Unfortunately, in some parts of Berlin, neo-Nazis and Muslim immigrants still harass Jews if they wear a kippa, but other parts of Berlin are fairly safe. Whereas displaying Palestinian or Turkish flags poses no problem, displaying the Israeli flag is seen as a kind a kind of "provocation," especially by Arab and Turkish immigrants in the Berlin quarters of Neuköln and Kreuzberg. In Kreuzberg, for example, anti-Semitic books on the so-called "Zionist world government" and even Henry Ford's notorious "The International Jew" are still for sale. Jews wearing "star of David" jewelry or a kippa have been harassed on the subway or the bus. This is also happening in "multicultural" Amsterdam, Brussels, Antwerp, Paris, Malmö (Sweden) and London. Recent official German police statistics show that nearly thirty percent of the crimes in Berlin are committed by immigrants.
"Topography of Terror": 363,00O Jews executed in Southern Russia, Ukraine and Bialystok in just three months (1942)
The new Berlin site "Topography of Terror" is a must for those who want to acquaint themselves with the terrors of the brutal Nazi dictatorship whose fundamental objective was to exterminate all of Europe's Jews – the Shoa or Holocaust. This huge exhibition is located on the very spot where the former Nazi apparatus of terror and persecution – the SS, the German "Secret State Police" (Gestapo) and the so-called "Reich Security Main Office" (RSHA) were located. It was here that SS-chief Heinrich Himmler and his deputy Reinhard Heydrich had their offices. Both had been ordered by Hitler to exterminate the Jews. A highly interesting 430-page catalogue (both in German and English) shows most of the documents and photographs currently on display and comments on them. (There is also an exhibition on the Eichmann Trial in Jerusalem and an accompanying catalogue to the exhibition.)
There is an important report from Himmler, the so-called "Reichsführer-SS" ("Reich leader"), to Hitler, the highest "Führer" or Supreme Leader of Nazi Germany. At the end of 1942, Himmler reported on "successes in combating gangs" (Jews, Communists, etc.) in the region of "Russia-South, Ukraine, Bialystok" in the period from September 1 to December 1, 1942. Jews are among the so-called "Gang abettors and suspected gang members." The number executed Jews was 363,211.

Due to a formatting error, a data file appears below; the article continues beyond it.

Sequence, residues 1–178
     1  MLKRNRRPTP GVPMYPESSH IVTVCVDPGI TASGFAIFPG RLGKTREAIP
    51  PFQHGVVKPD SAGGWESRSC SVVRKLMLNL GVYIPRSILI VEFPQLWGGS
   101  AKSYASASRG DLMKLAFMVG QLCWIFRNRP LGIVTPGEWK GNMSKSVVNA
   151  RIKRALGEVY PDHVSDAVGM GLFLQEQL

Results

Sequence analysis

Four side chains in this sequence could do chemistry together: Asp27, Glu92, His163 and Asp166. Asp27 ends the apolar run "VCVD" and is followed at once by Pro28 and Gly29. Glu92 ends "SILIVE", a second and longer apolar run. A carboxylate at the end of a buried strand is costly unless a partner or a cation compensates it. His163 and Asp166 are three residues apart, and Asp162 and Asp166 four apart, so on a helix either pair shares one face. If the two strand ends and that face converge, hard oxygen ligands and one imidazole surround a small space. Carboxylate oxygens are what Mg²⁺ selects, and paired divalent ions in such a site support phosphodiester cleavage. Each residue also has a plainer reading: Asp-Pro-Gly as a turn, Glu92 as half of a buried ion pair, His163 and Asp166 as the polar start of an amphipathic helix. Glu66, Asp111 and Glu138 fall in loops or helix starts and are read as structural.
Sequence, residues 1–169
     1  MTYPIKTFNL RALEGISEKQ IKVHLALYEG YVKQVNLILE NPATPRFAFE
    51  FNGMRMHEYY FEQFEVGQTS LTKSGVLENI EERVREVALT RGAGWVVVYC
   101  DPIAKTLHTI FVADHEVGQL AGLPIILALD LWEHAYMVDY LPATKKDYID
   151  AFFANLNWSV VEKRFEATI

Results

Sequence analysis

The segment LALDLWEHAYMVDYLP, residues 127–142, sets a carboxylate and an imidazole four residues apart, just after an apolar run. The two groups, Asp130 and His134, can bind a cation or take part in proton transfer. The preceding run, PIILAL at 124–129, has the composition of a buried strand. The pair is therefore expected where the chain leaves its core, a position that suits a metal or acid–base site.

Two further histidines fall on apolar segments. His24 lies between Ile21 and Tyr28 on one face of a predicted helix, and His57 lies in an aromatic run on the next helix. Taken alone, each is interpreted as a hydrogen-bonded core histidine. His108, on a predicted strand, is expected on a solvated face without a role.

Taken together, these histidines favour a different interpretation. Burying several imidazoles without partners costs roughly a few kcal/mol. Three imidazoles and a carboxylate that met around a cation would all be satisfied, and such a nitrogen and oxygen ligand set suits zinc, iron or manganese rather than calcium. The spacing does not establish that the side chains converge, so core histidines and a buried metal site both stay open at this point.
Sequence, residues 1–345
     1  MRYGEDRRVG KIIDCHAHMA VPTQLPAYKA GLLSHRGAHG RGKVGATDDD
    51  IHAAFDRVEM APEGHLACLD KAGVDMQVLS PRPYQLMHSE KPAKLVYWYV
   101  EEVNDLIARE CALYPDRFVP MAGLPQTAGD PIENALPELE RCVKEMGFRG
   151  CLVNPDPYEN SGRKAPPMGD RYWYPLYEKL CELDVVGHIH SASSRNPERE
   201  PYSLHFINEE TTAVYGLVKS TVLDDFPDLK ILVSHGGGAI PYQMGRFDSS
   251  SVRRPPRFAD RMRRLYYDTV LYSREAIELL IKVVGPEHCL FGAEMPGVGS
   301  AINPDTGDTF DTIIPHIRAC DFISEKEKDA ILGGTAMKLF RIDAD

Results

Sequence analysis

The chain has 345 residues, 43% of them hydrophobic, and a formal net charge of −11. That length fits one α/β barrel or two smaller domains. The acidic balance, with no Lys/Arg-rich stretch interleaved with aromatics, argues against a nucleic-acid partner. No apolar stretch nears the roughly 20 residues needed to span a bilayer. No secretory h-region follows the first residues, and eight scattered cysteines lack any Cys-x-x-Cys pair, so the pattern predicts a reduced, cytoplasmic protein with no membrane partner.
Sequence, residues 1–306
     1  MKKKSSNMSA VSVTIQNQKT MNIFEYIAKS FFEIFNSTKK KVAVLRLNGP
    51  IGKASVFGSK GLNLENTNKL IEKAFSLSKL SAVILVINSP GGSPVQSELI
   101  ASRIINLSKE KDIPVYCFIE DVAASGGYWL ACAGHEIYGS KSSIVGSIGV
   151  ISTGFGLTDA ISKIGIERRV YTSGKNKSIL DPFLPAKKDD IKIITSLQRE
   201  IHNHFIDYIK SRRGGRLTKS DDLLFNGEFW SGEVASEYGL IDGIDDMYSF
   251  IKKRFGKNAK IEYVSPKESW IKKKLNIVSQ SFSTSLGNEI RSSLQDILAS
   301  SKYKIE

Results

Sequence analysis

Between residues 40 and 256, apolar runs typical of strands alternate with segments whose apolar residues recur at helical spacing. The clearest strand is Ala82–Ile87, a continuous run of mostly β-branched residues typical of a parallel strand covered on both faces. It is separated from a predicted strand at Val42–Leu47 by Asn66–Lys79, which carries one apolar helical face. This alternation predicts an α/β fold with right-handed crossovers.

In just three months more than 363,000 Jews had been executed in Southern Russia, the Ukraine and Bialystok (currently in Poland). Himmler then makes an important observation: "Since the Russians take away their fallen or bury them immediately, actual casualties are likely to be far higher, as also attested to by prisoners."
Not only were three to four million Jews gassed in the gas chambers of the Nazi extermination camps, also were an additional two-and-a-half million shot by the so-called "SS-Special Mobile Units" or "SS-Einsatzgruppen." These mass murders have also been described as "the Holocaust by bullets." At least one million perished otherwise (starvation, exhaustion, infectious diseases, etc.).
Special Mobile Units frequently and proudly reported on their "achievements." According to just one "Operational Situation Report" Special Mobile Unit D, killed 17,645 Jews in the Crimea between November 16 and December 15, 1941. An "Activity Report" on Minsk, said: "On July 28 (1942): large-scale operation in the Russian ghetto of Minsk. 6,000 Jews are taken to the pit. On July 29: 3,000 Jews are taken to the pit." "Special Mobile Commando 3 (Lithuania) reported on February 9, 1942, that 136,412 Jews had been executed. Many of them were women and children. Before World War II, the total number of Lithuanian Jews was some 160,000.